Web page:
At GovGrant, we bring a commercial lens to this process and our job is to keep commercial outcomes in mind. From our knowledge of your business, the R&D, the invention and the patent landscape, we help our clients craft patents that we believe will have a greater focus and prospect of success.
GovGrant has a proven methodology of narrow patents getting through the patent office as quickly and cost effectively as possible. Our driver is commercial, rather than for the purposes of litigation.
We work hand in hand with a Patent Attorney, either through our own network or with a clients preferred attorney to act as the translator between the technical merits and the legal requirements. By following our approach, time and money is saved and the right experts focus on aspects of the process where they bring most value.
Here are a couple of examples of clients who benefited from our holistic view of R&D, IP and innovation during the patent drafting process
Typically, you would need the help of a Patent Attorney to draft your patent application. Your patent application is essentially a legal document. It sets the limit on what technologies you can prohibit others from using, selling, or distributing. Clearly you have to be especially careful that the language used doesn’t limit the scope of protection unnecessarily, or doesn’t get you in legal trouble later down the line. But if you are well versed in ‘patent-ese’ then it is possible for you to draft a patent application by yourself.
A claim within a patent is the process where the inventor is claiming the novel feature of their invention. Most patents have multiple claims as this helps the examiner narrow down what they need to look at and what prior art currently exists. What the examiner needs to satisfy themselves with is that, based on the claims being made, are they unique, novel and new.
Once the claims have been agreed and the patent drafted, this is filed with the Intellectual Property Office (IPO). They then have 6 months to review the application and will issue an examiners report which will give the applicant an idea on how likely a patent may be granted for their invention.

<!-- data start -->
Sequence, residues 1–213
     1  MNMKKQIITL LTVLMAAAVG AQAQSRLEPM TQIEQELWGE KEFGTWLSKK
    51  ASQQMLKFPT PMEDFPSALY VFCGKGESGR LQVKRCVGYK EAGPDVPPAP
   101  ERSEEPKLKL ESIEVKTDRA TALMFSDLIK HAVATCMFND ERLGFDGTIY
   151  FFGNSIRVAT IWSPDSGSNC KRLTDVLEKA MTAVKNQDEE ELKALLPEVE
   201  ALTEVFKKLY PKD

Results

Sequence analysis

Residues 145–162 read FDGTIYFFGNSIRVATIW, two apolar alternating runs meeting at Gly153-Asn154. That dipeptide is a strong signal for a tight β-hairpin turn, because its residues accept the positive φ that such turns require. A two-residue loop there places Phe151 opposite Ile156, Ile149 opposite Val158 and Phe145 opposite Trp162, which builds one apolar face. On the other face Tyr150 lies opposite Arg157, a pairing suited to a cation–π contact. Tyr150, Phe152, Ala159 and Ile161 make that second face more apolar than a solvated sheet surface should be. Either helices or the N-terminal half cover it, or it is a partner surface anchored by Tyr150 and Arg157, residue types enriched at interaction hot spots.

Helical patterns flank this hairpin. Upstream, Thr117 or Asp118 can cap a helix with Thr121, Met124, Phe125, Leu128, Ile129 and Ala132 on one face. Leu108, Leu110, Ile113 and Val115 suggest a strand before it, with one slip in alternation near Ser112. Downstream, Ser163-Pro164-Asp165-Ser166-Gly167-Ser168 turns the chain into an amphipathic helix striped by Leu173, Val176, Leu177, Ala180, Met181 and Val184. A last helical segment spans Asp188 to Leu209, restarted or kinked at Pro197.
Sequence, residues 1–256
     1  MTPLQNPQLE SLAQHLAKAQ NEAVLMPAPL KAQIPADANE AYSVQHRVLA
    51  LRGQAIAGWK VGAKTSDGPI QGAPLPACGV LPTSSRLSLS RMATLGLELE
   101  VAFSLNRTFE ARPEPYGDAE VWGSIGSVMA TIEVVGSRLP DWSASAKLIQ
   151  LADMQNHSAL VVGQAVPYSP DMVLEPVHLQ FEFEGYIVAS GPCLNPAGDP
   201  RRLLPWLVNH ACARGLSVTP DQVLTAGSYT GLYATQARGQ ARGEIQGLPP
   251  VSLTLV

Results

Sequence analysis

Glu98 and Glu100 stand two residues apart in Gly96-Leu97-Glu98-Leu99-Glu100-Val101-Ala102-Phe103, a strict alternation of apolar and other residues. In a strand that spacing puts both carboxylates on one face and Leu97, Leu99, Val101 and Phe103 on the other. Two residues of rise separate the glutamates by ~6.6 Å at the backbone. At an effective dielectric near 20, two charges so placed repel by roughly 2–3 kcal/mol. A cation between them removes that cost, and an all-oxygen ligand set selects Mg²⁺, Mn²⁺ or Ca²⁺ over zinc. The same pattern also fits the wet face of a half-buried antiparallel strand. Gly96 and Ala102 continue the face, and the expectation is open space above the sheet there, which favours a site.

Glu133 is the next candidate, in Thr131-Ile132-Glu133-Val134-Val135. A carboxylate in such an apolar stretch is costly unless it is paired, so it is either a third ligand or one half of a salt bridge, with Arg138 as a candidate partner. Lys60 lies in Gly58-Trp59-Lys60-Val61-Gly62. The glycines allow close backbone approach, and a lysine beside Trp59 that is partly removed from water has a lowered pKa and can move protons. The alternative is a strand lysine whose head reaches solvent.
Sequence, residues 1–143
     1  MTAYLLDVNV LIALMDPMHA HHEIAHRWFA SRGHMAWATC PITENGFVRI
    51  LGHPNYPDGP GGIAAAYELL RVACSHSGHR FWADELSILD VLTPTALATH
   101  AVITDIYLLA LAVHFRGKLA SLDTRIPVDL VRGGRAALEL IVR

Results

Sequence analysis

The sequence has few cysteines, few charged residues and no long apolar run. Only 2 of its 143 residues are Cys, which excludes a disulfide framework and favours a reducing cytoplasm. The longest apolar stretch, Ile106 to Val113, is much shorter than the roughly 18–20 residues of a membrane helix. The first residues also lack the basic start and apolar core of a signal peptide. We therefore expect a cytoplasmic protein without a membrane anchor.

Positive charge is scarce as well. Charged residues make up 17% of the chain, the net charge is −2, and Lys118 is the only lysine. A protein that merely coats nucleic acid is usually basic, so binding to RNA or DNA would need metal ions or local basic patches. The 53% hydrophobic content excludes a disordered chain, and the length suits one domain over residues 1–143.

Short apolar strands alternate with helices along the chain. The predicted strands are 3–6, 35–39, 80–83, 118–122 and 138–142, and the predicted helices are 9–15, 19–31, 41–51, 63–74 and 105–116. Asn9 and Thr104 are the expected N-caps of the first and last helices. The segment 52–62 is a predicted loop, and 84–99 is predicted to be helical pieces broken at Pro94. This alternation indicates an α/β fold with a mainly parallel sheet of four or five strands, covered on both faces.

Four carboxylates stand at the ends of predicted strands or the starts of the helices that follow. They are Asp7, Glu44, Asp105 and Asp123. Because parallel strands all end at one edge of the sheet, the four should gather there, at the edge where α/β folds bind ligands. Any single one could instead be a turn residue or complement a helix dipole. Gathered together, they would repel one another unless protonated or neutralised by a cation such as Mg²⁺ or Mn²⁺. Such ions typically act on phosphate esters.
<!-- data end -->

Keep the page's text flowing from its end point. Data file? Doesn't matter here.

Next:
There is then a negotiation between the applicant and the examiner to see what can be agreed in the scope of the patent and what is not, these interactions are referred to as office actions. Depending on the patent and what the applicant is trying to achieve this can be quite focused and quick, or it can drag on for many years.
When all is agreed, the patent application is then published. This gives others the opportunity to review and if they disagree with the claims, can object to the application.
If there are no objections or amendments made that then satisfy this, the patent will grant.
To think about a patent, there needs to be a novelty in the process or product that creates new knowledge that doesn’t currently exist. These can be subtle and may be a small change or improvement compared to what currently exists in the market.
Prior art is simply the current knowledge readily known in the market. It is of significant importance, and a common mistake made by many SMEs, that even before a new product hits the market, for instance if it is shown at a trade show, as soon as it’s ‘out there’, it is classed as prior art and the patent opportunity diminishes rapidly.
The patent process is application based, through the Intellectual Property Office (IPO). The application usually includes a description of the product or process along with relevant diagrams to demonstrate the inventive step. The IPO will review and ask questions to understand the current knowledge and test the validity of the invention. Once they are satisfied, they will grant the patent which will be in place for up to 20 years.